So for all the dangers you listed on this, my dietician prescribes this diet to everyone who comes into his office looking for weightloss, he has a stack of packets with standardized information regarding the specific diet. For what it’s worth, most of the side effects you listed, I did go through, although the sugar withdrawal was the worst, but after a couple weeks, that passed too. Now I’m on the same 1200 calorie, <20g carb, 0 sugar diet, and it feels VERY sustainable. The only thing I really miss is pizza, and even then, there are keto friendly chicken based crusts that really hit the spot. I guess one thing that sticks out to me is my doctor told me that the human body doesn't need any sugar to survive, and while he makes the distinction between simple and complex carbs, still cuts them out in a normal keto diet style (no potatoes, corn, most beans in larger quantities, etc). Should I be concerned about my doctor? He came as a referral and has a large track record of long term success with his patients.

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Anyways, I am feeling so much better without the weight, my sleep apnea is gone, my blood glucose is lower and the edema in my legs is gone. But I do have concerns about the saturated fat, my HDL/LDL and I do not like the “nail polish breath”. Once I reach my goal, I plan to transition to more of a Mediterranean style diet but still with logging and I hope to be able to keep the weight off.

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My husband has been on keto for 4 months since being diagnosed with Type II diabetes, and it seems to be working very well for his blood sugar issue, his levels have all improved drastically and he has lost so much weight I’m starting to worry about his liver. In the spirit of not making his life hell, I joined him on a modified version. My version still includes fruit and milk, I just gave up added sugars, liquor, and grain flour. Mostly. I definitely haven’t lost weight the same way he has, but I am slowly and steadily losing weight, and eating potatoes or apples doesn’t seem to change that. The biggest thing is that, for the ONLY time in all the many, many times I have tried to change my eating habits, I’m not STARVING. I don’t feel horribly deprived and ready to kill a man for a cookie.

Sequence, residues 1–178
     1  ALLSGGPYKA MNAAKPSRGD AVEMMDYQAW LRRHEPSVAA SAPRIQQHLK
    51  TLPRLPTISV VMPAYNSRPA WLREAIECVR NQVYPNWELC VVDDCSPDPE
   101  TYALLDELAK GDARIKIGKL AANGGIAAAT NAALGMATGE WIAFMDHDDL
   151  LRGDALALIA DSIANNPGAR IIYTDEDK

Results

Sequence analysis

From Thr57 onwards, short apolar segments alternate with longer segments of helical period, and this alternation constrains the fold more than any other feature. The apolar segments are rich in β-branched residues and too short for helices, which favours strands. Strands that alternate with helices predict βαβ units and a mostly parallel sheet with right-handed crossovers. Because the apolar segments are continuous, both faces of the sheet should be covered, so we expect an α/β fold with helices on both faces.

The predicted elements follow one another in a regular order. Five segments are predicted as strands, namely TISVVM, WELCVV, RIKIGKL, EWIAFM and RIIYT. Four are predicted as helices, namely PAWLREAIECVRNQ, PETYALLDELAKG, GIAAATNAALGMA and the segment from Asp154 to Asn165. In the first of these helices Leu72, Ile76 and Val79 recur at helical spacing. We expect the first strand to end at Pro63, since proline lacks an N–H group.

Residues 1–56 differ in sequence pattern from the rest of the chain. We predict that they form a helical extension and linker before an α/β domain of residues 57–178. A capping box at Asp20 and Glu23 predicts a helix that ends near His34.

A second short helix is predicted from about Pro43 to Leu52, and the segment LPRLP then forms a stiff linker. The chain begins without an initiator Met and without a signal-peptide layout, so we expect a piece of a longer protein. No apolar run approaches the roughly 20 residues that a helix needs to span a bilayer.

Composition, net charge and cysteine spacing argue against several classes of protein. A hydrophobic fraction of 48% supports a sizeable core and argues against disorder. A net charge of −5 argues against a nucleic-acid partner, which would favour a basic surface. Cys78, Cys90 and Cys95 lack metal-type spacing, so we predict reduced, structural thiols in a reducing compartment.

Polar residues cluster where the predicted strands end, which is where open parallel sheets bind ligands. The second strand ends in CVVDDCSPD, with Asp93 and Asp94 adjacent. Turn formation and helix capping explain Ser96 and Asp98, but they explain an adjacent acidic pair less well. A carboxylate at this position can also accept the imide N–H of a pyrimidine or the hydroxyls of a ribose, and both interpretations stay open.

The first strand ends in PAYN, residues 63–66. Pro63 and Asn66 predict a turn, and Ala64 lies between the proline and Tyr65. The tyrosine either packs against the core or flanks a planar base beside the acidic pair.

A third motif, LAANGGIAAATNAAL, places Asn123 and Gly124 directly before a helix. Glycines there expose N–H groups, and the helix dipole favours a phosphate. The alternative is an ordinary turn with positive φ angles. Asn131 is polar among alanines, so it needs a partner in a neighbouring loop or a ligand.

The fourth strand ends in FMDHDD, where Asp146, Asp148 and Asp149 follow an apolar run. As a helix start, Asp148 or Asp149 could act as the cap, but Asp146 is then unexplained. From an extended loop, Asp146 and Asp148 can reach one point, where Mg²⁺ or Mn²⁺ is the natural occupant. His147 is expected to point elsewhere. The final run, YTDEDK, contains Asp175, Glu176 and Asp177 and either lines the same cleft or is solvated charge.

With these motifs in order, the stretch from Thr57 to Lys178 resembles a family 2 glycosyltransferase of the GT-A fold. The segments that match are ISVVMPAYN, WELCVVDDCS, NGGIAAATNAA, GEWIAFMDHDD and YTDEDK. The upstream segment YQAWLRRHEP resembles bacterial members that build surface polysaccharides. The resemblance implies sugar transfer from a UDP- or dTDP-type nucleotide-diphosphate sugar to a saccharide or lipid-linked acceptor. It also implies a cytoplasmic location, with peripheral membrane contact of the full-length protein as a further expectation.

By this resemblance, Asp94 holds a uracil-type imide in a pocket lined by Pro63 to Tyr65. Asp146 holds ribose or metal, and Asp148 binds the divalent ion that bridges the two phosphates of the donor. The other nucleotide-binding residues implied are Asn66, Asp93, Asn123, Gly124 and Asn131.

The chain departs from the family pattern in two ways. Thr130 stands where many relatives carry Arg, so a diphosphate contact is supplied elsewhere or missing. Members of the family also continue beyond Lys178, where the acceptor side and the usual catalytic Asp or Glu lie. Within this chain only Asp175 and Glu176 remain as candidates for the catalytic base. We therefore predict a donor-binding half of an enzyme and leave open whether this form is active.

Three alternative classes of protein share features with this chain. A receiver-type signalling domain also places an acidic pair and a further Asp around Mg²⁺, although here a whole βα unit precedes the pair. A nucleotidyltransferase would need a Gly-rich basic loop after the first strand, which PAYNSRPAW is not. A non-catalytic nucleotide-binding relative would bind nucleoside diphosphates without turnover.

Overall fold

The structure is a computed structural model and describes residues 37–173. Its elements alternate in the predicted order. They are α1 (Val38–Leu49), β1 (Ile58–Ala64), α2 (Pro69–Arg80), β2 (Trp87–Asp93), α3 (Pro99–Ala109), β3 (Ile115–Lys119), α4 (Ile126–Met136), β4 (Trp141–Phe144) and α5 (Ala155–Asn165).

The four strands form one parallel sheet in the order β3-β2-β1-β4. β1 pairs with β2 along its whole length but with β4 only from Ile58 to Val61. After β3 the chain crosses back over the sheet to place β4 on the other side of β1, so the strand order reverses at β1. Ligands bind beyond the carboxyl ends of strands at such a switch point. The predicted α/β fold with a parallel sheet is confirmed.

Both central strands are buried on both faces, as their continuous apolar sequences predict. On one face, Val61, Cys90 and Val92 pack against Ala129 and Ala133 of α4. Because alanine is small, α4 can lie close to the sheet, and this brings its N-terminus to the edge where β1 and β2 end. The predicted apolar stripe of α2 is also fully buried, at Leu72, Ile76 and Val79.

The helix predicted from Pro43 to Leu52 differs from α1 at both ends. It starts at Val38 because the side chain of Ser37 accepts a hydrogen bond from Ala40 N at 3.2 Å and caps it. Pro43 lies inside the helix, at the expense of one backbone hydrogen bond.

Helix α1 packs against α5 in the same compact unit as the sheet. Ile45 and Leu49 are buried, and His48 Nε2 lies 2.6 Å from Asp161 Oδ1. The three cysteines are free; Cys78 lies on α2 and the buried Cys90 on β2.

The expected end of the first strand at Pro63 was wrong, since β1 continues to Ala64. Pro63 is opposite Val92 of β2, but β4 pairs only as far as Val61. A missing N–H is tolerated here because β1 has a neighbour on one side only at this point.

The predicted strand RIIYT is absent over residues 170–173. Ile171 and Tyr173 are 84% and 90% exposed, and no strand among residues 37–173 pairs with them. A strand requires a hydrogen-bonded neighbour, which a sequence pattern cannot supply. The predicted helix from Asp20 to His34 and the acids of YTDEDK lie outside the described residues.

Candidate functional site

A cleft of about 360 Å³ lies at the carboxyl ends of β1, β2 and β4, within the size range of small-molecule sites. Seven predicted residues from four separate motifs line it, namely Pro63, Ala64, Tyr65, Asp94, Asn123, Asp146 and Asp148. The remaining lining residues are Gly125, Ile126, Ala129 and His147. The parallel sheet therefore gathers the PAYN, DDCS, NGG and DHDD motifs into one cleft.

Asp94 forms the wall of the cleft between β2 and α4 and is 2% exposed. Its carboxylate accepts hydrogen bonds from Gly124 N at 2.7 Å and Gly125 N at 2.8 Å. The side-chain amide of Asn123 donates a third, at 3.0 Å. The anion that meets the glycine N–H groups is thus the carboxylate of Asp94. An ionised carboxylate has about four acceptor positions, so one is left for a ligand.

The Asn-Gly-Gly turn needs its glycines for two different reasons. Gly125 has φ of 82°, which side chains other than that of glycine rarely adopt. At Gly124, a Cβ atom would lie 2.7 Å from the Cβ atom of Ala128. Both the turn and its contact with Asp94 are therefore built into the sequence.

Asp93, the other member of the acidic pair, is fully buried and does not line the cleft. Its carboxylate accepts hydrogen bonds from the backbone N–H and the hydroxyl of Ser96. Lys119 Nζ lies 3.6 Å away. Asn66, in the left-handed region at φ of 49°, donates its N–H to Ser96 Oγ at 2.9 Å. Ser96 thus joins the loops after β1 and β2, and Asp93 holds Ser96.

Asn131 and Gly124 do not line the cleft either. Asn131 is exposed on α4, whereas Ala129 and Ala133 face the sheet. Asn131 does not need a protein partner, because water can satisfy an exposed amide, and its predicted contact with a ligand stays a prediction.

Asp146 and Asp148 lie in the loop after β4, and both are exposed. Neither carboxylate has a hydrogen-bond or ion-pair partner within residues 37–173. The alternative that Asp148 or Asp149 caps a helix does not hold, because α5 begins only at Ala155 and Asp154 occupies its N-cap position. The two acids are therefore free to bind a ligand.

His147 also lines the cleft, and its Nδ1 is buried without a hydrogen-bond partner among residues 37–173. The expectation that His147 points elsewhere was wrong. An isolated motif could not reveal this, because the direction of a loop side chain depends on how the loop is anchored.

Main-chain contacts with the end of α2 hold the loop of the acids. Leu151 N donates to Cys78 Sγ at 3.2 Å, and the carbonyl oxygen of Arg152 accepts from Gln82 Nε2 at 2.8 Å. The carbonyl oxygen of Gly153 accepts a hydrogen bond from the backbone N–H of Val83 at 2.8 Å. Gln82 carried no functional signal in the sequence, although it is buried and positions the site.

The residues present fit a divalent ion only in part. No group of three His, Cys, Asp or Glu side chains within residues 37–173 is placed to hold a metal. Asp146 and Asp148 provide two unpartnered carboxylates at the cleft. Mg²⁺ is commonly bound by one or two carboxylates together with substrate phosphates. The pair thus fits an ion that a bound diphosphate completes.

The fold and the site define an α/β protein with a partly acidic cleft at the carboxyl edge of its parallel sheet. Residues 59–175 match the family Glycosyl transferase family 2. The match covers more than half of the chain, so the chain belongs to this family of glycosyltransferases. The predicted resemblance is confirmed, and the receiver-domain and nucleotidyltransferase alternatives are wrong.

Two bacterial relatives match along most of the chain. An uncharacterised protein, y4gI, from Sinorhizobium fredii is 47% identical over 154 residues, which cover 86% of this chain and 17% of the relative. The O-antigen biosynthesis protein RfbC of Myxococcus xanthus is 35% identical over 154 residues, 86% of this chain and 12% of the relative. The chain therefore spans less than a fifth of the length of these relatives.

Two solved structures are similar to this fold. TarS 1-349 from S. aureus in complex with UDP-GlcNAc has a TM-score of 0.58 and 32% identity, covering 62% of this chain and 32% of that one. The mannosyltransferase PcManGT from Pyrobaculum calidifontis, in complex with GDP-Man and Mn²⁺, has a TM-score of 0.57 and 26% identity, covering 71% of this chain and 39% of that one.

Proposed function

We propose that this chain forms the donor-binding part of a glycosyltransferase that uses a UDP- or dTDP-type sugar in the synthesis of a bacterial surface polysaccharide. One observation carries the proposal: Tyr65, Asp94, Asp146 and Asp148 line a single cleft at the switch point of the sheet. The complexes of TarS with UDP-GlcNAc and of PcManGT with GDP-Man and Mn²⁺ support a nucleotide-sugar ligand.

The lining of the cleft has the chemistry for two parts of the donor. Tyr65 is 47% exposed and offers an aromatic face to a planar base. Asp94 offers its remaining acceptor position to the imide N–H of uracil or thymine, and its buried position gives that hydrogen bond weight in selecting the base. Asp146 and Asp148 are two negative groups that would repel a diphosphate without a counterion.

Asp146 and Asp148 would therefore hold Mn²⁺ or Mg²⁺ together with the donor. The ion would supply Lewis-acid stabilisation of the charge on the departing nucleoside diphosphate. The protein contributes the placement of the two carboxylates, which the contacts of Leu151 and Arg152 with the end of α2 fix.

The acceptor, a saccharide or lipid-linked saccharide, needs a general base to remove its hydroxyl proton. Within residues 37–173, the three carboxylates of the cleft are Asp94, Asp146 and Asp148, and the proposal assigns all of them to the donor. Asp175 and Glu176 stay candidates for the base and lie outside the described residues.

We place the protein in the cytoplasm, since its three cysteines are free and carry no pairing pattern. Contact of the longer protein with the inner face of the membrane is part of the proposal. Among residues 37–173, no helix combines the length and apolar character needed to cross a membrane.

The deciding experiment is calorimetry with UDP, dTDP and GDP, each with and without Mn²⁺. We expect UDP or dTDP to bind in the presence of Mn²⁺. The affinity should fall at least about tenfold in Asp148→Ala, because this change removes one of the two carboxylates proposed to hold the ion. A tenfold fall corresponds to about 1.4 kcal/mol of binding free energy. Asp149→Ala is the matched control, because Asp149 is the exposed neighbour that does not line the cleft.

I tried the ketogenic diet and it really helped me even out my energy levels and I don’t grave sugar anymore. I had issues absorbing my B vitamins. I had high candida and l-acidophylis levels. I was also addicted to sugar. I started this 3 years ago, and since about a year ago, I’ve added fruit. Now I enjoy a little rice and potatoes as well. I even had a bite of chocolate cake and didn’t die. I started out at 112, lost 10 pounds within a month and have slowly gained most of it back. I am happy I did it, but I will be more confident to add more carbs, although it will mostly be in the form of more fruit and starchy veggies. Thanks for your article.

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Sleep enough – for most people at least seven hours per night on average – and keep stress under control. Sleep deprivation and stress hormones raise blood sugar levels, slowing ketosis and weight loss a bit. Plus they might make it harder to stick to a keto diet, and resist temptations. So while handling sleep and stress will not get you into ketosis on it’s own, it’s still worth thinking about.

Thanks for the great article! As a fellow dietitian I think its challenging to stay on top of the fads and weight loss trends. The way I see it is that there are two types of ketogenic diets – lifestyle (for weight loss) and therapeutic for some of the medical conditions you mentioned above. Bottom line, the ketogenic diet is not a “natural” diet and there are serious associated side effects. I believe that people following the diet need to be supported by a team of medical professionals to ensure adequate monitoring.

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The 30-Day Ketogenic Cleanse offers a step-by-step guide to approaching what some may see as a lifestyle change. The day by day guide is highly informative as each day’s diet is broken into its constituent parts. This further informs readers as to how their day-to-day diet is working to nourish and improve their body. The book breaks down what it takes to go into a ketogenic state while staying healthy and enjoying truly delectable food. From our standpoint, this really is a great resource and truly one of the best keto cookbooks out there.